remembering Pete SeegerPosted: February 13, 2014 Filed under: Music, Society | Tags: folk music, Pete Seeger, protest songs 1 Comment
After Pete Seeger’s death I paid tribute in Sacred Music Friday, but I didn’t write anything. Certainly I admire Pete greatly, but I couldn’t think of anything to say that wouldn’t sound trivial and a repetition of what everyone else was writing. Then Terry pointed out Leah Garchik’s tribute in last Friday’s San Francisco Chronicle, itself somewhat belated because she was in Europe at the time of his death. I never had the privilege of seeing Pete in person, but Garchik did. She writes about seeing Seeger at summer music camp when she was thirteen.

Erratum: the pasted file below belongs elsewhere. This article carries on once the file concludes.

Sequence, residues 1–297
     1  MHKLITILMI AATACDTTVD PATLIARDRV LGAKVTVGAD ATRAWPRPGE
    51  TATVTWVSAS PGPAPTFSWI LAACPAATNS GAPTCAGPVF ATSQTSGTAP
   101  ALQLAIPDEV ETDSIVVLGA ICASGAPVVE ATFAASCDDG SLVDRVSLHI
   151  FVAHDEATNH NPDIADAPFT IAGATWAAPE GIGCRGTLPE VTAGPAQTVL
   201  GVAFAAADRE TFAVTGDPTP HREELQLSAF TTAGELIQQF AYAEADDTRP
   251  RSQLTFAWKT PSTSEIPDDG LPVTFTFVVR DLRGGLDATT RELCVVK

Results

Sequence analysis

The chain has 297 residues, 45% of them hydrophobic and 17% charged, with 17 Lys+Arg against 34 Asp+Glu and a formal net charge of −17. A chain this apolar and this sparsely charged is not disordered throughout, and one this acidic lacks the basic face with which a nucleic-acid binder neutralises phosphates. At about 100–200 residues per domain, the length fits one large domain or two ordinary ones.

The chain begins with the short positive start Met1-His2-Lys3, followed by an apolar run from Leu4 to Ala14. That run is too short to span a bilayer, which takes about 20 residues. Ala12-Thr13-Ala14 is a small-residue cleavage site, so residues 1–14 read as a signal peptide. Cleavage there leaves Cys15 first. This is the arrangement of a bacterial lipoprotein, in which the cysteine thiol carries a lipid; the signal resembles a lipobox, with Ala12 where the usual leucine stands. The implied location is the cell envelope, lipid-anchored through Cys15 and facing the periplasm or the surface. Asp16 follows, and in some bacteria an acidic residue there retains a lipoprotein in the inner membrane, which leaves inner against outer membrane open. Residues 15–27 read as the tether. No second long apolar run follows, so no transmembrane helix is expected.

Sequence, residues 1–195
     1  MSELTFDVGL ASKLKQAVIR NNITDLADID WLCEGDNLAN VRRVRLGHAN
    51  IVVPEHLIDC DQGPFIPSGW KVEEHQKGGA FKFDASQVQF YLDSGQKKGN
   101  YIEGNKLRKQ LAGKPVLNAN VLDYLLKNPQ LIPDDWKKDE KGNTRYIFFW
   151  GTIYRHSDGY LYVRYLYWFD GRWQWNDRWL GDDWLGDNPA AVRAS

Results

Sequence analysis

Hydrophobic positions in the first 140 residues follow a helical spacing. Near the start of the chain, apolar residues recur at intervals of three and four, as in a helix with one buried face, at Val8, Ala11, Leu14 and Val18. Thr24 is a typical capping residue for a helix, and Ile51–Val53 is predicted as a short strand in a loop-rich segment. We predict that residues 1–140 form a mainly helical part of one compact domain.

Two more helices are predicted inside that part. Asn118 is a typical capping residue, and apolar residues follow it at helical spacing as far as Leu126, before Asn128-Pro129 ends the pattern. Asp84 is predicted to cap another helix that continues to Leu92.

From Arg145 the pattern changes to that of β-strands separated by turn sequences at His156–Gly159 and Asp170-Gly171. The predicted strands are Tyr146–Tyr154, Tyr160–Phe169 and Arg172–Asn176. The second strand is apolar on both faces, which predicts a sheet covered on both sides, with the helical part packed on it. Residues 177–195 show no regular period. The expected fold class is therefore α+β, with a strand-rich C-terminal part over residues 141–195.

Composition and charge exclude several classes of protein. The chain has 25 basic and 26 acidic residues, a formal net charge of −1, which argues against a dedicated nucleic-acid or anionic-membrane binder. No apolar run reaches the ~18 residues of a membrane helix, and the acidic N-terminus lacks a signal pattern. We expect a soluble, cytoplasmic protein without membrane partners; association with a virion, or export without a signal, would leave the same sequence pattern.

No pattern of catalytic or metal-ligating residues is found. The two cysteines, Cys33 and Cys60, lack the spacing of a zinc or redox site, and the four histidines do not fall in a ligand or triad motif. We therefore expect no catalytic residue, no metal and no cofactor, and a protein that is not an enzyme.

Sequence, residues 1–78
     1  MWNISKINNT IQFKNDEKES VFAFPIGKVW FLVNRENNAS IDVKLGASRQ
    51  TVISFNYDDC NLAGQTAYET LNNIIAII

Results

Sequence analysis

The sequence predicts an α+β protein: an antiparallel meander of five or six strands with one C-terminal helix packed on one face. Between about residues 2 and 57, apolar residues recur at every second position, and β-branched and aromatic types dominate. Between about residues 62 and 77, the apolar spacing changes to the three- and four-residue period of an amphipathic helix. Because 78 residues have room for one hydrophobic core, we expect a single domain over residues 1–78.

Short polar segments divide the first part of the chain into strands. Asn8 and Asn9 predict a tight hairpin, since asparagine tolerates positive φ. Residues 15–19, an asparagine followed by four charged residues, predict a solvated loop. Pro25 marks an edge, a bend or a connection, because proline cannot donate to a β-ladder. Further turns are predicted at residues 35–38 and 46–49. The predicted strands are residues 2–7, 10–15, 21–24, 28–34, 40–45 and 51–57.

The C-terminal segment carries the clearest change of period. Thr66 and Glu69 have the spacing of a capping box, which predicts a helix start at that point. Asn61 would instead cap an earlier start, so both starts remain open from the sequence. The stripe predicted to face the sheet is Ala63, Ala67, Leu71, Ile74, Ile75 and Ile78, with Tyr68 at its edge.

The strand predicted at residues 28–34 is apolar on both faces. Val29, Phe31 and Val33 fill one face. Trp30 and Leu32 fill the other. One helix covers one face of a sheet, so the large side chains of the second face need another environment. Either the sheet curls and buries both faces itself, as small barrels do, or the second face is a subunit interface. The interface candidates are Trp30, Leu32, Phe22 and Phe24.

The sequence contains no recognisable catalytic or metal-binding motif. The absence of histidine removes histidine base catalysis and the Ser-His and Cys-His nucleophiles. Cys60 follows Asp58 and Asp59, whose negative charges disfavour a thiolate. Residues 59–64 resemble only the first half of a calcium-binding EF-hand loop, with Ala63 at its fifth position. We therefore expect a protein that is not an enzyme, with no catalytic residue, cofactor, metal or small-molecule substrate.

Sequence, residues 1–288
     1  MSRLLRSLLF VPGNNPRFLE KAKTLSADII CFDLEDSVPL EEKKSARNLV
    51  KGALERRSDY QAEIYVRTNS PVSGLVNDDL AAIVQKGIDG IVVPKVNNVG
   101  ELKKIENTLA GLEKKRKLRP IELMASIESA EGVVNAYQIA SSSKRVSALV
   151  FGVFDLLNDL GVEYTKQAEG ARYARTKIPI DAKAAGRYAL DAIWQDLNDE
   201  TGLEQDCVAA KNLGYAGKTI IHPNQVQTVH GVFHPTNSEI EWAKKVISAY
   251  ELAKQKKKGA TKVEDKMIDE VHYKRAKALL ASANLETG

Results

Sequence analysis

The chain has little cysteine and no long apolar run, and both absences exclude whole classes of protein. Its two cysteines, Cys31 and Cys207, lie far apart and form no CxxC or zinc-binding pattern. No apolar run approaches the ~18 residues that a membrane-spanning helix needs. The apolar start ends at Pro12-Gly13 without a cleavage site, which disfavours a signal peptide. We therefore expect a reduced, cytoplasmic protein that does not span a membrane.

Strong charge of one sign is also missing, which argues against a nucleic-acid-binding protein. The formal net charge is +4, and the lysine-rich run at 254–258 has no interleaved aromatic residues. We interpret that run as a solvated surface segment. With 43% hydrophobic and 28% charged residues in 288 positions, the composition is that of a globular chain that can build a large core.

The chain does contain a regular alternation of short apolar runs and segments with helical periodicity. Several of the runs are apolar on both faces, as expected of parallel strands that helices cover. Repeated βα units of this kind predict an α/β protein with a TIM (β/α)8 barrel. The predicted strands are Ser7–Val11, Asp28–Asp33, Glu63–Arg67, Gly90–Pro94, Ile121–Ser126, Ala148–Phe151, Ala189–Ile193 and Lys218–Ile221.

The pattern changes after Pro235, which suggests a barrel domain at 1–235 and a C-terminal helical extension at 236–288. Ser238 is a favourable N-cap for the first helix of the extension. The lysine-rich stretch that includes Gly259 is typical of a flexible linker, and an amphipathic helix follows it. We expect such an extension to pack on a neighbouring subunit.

When we responded to his irresistible invitation to join in and sing, our individual voices were swallowed up in the full sound of the chorus he’d created. The thrill was not only in the sound, but it was as though the sound was a metaphor for the whole Seeger ethos, his social and political idealism; yes, we can all do this together.
She concludes the tribute by telling us:
Years later, as adults trying to pass along some of his magic, we took our kids to hear him at Stern Grove. Not much had changed. Fans listened to Seeger, loved him and walked away from his performances a little more optimistic about life’s possibilities.
That’s it. I walk away from hearing Pete sing a little more optimistic about life’s possibilities.
Thank you, Leah.
And thank you, Pete, for all you gave us. We miss you.
[…] about the loss of Pete Seeger, and the fact that I blogged about San Francisco Chronicle columnist Leah Garchik’s tribute to him.Garchik wrote about his marvelous ability to get his audiences singing, and how people would […]